Google’s Secret Project Is Collecting Health Data On Millions Of Americans

Google’s not-so-secret Project Nightingale Google launched a secret project last year, dubbed “Project Nightingale,” to gather health data on millions of Americans without their consent. Google partnered with Ascension,...

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Google’s not-so-secret Project Nightingale

Google launched a secret project last year, dubbed “Project Nightingale,” to gather health data on millions of Americans without their consent. Google partnered with Ascension, the second-largest health care group in the U.S., in 2018, MSN.com reports.

Employees at both Google and Ascension have leaked internal documents exposing Project Nightingale, and have raised questions about the ethics and legality of the project.

“The data involved in the initiative encompasses lab results, doctor diagnoses, and hospitalization records, among other categories, and amounts to complete health history, including patient names and dates of birth,” MSN reports. “Neither patients nor doctors have been notified. At least 150 Google employees already have access to much of the data on tens of millions of patients, according to a person familiar with the matter and the documents.”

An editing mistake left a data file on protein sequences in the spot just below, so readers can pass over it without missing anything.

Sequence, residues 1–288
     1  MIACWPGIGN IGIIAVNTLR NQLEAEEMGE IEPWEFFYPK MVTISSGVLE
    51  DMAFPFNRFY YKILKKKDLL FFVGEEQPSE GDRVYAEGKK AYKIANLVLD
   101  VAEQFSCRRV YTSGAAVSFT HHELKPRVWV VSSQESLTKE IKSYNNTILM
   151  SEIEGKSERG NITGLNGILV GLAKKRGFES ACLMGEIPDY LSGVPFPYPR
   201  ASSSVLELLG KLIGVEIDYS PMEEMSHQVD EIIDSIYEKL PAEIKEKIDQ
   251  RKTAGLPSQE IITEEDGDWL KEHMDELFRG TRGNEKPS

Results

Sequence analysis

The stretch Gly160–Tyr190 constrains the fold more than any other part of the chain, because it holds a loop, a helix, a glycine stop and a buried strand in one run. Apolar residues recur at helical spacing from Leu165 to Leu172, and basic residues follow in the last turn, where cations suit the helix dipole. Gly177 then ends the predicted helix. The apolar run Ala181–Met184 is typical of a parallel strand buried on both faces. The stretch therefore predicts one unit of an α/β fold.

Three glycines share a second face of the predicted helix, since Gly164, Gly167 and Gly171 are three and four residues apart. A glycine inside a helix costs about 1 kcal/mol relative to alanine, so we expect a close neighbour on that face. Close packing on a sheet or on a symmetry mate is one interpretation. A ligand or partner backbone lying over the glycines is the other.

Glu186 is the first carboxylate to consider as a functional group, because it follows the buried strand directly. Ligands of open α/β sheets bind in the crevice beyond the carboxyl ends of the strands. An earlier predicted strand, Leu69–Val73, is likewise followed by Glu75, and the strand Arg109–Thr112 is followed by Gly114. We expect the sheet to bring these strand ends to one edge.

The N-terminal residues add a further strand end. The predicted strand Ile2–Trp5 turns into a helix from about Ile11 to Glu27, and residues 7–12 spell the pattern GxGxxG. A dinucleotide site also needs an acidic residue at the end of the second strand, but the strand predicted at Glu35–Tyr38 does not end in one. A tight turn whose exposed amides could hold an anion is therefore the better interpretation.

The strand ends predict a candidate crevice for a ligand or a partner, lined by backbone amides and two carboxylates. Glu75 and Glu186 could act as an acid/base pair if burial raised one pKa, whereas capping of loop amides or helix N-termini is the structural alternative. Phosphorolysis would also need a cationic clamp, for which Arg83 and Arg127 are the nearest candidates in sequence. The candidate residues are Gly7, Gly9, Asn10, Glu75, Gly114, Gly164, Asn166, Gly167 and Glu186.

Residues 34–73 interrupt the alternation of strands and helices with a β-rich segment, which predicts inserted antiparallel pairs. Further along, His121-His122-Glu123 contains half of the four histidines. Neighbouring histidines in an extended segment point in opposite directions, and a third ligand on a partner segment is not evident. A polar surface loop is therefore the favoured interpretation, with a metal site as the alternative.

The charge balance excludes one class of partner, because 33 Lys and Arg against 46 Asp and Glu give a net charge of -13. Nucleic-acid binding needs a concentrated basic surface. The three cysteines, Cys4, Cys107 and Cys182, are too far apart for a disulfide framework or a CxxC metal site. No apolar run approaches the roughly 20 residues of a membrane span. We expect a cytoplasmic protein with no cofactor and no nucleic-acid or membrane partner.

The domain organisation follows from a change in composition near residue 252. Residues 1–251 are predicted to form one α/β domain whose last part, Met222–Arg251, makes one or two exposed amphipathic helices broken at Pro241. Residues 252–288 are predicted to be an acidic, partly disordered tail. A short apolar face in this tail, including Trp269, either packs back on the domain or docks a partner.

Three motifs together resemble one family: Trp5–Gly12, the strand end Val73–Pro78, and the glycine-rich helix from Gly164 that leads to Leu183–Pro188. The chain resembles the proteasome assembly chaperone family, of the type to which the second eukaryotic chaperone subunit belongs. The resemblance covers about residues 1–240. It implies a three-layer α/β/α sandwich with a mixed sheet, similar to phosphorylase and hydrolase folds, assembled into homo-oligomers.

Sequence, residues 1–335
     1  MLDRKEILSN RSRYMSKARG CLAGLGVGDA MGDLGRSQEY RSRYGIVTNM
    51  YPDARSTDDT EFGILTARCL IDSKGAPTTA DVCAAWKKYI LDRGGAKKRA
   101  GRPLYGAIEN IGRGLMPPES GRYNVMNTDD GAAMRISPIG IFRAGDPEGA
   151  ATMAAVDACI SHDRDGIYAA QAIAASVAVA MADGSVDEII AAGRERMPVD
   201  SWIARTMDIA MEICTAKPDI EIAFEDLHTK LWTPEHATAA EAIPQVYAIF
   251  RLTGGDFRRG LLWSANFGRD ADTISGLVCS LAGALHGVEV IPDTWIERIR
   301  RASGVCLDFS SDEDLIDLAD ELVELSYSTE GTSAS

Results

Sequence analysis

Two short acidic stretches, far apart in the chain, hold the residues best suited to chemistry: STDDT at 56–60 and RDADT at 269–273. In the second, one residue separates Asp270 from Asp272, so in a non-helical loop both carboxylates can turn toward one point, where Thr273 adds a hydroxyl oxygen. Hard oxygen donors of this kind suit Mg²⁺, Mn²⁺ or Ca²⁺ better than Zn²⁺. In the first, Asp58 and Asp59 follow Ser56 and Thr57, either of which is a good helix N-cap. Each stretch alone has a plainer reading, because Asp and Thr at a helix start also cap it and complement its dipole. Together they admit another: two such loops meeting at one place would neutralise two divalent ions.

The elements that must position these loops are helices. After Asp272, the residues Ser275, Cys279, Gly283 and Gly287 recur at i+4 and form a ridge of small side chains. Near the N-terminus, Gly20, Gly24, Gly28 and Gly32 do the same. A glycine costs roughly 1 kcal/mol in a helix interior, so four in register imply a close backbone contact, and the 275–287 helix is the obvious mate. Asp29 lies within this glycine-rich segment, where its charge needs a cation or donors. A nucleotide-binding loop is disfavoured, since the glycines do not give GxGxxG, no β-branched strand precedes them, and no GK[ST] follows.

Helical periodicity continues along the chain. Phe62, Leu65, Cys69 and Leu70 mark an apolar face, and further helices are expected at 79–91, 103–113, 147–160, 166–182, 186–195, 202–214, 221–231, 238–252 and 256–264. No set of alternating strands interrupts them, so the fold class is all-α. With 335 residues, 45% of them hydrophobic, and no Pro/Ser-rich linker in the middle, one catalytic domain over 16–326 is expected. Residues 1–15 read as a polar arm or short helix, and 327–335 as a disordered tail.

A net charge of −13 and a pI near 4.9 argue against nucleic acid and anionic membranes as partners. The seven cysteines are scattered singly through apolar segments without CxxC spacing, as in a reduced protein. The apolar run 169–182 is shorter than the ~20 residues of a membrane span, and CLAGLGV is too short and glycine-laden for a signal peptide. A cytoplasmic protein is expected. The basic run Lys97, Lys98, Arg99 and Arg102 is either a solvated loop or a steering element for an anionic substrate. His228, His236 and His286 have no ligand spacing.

Experts say Project Nightingale is technically legal under the Health Insurance Portability and Accountability Act of 1996, which allows hospitals to share health data with business partners without patient notification or consent. However, data can only be shared if it helps the hospital improve its health care functions, according to the law. Google and Ascension say the goal of Project Nightingale is to improve health care for patients by using artificial intelligence.

“As the health-care environment continues to rapidly evolve, we must transform to better meet the needs and expectations of those we serve as well as our own caregivers and health-care providers,” said Eduardo Conrado, Ascension’s executive vice president.

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